Think Snow, Tweet Snow !!!

Saturday, February 8, 2014

"Model Hugging Syndrome" and a might be storm late in the upcoming week

I have been getting some comments, tweets, emails asking or referring to a specific model at a specific time. It's actually great to see so much nuts and bolts interest in weather forecasting which I know has existed for some time. That being said, weather enthusiasts and closet weather enthusiasts (me included) can be at times stricken with "model hugging syndrome" or "MHS". The "glass half empty" guy will send me a doom and gloom email regarding some model showing rain while the "glass half full" buy will ask me about some model forecasting a 2 foot storm 10 days out. There is so much model to model variability with the output that "MHS" is capable of sending someone to the loony bin. It didn't help when NCEP decided to run the American GFS model 4 times a day even though concrete upper air data is only collected twice a day. The GFS in particular is chaotic even beyond day 5 and the biases and issues with the model need to be corrected by way of improving the physics in the model as opposed to running it a zillion times a day. This however is not a model bashing rant. In spite of biases and flaws, models are capable of performing a massive amount of atmospheric calculations that humans are incapable of and powder hounds certainly should use them to help plan sick days. These calculations can differ quite greatly however because a models run 6 or 12 or 24 hours can interpret either the same or different rounds of upper air data quite differently. It is thus important to look at a collection of data, try to establish a consensus of what the data is showing, making additional adjustments based on known biases, factor in any observations that models might be failing to account for and finally reach some sort of conclusion as to what might happen. In the end, there are lots of moving parts and it always best to expect these parts to move over time.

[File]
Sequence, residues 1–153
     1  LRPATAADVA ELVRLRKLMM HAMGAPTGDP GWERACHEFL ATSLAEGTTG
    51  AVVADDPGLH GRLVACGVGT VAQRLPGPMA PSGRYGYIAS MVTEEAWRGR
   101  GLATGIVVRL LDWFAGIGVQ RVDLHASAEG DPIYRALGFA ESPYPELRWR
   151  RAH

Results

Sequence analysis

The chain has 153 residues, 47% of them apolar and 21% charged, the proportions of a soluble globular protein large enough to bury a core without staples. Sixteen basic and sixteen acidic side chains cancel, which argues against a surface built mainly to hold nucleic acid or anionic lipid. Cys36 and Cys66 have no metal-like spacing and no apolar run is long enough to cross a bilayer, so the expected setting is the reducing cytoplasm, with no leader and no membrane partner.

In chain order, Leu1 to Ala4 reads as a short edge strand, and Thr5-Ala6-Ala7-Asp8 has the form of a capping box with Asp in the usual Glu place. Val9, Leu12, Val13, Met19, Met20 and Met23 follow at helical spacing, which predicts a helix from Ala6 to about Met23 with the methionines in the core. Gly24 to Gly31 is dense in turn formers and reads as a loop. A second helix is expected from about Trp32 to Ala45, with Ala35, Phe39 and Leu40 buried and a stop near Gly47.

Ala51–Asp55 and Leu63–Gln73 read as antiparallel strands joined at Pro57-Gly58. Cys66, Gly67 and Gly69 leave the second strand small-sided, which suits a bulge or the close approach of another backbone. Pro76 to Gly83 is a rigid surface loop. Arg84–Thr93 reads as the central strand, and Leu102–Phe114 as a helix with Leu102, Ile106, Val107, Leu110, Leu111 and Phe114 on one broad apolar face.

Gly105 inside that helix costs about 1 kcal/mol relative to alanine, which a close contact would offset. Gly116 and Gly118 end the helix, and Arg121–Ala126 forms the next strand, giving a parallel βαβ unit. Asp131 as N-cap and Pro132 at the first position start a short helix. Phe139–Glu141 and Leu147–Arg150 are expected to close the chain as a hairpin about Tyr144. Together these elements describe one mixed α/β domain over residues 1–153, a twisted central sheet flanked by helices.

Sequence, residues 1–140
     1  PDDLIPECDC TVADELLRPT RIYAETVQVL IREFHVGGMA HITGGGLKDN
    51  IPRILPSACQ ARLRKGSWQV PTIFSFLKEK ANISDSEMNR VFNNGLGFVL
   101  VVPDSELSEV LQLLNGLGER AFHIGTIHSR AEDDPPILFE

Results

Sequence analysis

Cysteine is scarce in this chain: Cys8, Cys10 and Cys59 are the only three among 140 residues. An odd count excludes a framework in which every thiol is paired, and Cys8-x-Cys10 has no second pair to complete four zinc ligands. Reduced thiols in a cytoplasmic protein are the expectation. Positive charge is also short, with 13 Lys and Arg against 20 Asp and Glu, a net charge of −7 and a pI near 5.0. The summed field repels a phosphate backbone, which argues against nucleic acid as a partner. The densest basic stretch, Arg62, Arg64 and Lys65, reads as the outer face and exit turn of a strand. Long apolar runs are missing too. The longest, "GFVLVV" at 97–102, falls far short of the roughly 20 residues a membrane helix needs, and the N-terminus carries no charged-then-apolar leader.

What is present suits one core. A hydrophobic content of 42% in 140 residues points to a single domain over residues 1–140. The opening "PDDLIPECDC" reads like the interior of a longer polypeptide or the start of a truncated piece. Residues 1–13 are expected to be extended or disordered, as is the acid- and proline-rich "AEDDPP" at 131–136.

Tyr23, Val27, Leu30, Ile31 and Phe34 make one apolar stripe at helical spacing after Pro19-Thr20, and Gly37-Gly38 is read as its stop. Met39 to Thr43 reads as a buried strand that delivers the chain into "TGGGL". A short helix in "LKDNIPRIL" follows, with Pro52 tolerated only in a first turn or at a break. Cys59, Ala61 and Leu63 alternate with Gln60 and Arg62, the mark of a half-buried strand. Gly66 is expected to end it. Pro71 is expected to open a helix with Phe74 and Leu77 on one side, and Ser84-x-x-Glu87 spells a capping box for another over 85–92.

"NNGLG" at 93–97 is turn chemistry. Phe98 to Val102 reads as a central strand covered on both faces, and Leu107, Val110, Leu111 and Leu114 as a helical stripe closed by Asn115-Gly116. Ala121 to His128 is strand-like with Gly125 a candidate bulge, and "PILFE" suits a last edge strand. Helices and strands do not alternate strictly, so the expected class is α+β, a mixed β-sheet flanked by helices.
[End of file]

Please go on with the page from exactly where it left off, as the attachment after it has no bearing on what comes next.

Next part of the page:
The decaying piece of the massive Rocky Mountain storm will approach the region Sunday and spread some light snow into most of Vermont Sunday night. The storm will try and get energized off the New England coast but too little too late I think for a big event. A little event is still welcome though and we could squeeze 2-4 inches out of this by the end of the day Monday which should be blustery and chilly with temperatures in the teens. Tuesday will be crisp and cold with sub zero readings in the morning. It should feel nice by the afternoon however with plenty of sunshine and temperatures inching toward 20 degrees. We should see more of the same for Wednesday only a little warmer and perhaps more high clouds late in the day.

The weather map later in the week consists of a southern branch storm that will intensify and move up the Atlantic Coast while a clipper system slowly approaches from the west. We had hoped these two systems might combine to form a monster noreaster by Friday but this may be a stretch. The southern branch storm however should track close to Cape Cod, it appears to be a more compact event but system is certainly capable of bringing a healthy period of snow to MRG and surroundings Thursday. The clipper then arrives Friday with a nice cool pool or instability pool which should kick the snow shower machine into action later Friday into Saturday. Different models are still producing different results Friday; in fact, there is less consensus Saturday than there was 48 hours ago. Still, we do have some consensus for some decent snow leading up to the weekend 15th and 16th.

Ensembles are still indicating a tightening of the jet in the Pacific beyond the 16th. The region has some tepid support from the AO and NAO but recent ensemble data has shifted the core of coldest and most unsettled weather into the western states. That is not a good trend as of this morning but below freezing temperatures should keep any fallen powder, powdery at least through around the 18th of the month. We have to open the door for the possibility of a thaw in the days that follow that.

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